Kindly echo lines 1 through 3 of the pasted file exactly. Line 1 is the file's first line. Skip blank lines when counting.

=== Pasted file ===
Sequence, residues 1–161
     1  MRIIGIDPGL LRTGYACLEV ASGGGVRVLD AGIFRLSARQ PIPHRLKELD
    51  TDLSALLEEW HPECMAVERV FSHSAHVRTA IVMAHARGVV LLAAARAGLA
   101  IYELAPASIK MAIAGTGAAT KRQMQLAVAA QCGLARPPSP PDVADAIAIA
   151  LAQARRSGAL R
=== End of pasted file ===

Sequence, residues 1–161
     1  MRIIGIDPGL LRTGYACLEV ASGGGVRVLD AGIFRLSARQ PIPHRLKELD
    51  TDLSALLEEW HPECMAVERV FSHSAHVRTA IVMAHARGVV LLAAARAGLA